Tourney Mythbusting: Does defense win the NCAA championship?

(This blog appeared originally in early December. I’ve updated it to reflect the current state of college hoops.)

You’ve heard the old adage: defense wins championships. Does that apply to the NCAA tourney? If you look at the raw points scored and allowed data, you would probably conclude that offense matters more in the dance. Take a look at this chart, which shows the average points scored and allowed by the tourney field in each succeeding round of advancing teams:

The blue line tracks scoring offense and the red tracks defense. Notice that, with each succeeding round of the dance, the teams get significantly higher scoring. Final Four teams are 4.8 points more prolific than the overall field, and champions have the highest-powered offenses. On the other hand, the points that advancing teams allow doesn’t change much from round to round. In fact, champions give up more points than any other round of advancers.

Okay, that means offense wins tourneys, right? Well…not exactly. By now, most everyone is familiar with Ken Pomeroy’s possession-based statistics. (Check out if you aren’t.) Think of Ken’s stats as the WAR of college hoops—only more grounded and definitive. They take the bias of playing tempo out of the equation and concentrate solely on the number of points per possession that a team scores or allows. After all, you could look at a team like Princeton, which scores 64.0 points a game and gives up just 57.6 and conclude that they were lock-down defenders…but offensively challenged. But the fact is, the Tigers like to play at a glacial pace (343h slowest out of 347 D-I teams). They’re actually the 65th most efficient offensive team in the land…and just the 138th best defenders.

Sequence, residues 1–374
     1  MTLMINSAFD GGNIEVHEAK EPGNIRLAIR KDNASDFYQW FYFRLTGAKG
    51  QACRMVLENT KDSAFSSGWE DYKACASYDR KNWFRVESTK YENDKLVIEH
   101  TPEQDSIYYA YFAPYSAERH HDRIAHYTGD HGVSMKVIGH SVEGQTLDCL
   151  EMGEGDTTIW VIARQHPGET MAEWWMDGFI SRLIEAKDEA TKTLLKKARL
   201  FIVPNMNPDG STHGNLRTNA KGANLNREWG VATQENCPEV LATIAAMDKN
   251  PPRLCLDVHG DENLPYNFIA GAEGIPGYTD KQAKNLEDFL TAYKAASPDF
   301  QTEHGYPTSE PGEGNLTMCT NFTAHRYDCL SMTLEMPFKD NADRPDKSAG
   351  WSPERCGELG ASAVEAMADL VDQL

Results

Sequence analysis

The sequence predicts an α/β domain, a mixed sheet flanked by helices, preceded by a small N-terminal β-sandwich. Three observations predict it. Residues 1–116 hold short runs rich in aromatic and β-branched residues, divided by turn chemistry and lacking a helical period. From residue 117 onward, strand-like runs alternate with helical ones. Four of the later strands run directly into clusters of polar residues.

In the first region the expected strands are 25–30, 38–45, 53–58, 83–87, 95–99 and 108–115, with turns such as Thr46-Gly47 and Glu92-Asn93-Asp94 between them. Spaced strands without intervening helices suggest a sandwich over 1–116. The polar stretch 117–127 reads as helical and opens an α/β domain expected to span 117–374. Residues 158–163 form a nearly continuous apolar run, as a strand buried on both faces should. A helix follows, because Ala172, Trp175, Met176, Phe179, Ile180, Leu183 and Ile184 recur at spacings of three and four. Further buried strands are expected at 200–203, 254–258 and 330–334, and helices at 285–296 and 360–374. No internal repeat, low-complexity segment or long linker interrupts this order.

So what if we redid our analysis of tourney advancers, using the teams’ rankings within the field in terms of offensive and defensive efficiency? This gives a much clearer view of the value of offense and defense. Take a look:


The offense and defense efficiency rankings of tourney advancers are pretty close to each other all the way to the finals. (Remember: a higher number here is worse.) Defense holds a slight edge over offense in four of the first five rounds. Only Sweet 16 advancers have a better ranking in offense than defense. But the number that really jumps out here is the relative rankings of the champions. Tourney winners are much higher ranked offensively than defensively—a gap of five positions. In fact, the gradually flattening curve for defense suggests that, while you need a solid defense to advance in the dance, defense can only take you so far. On the other hand, you have to have an elite offense to cut down the nets.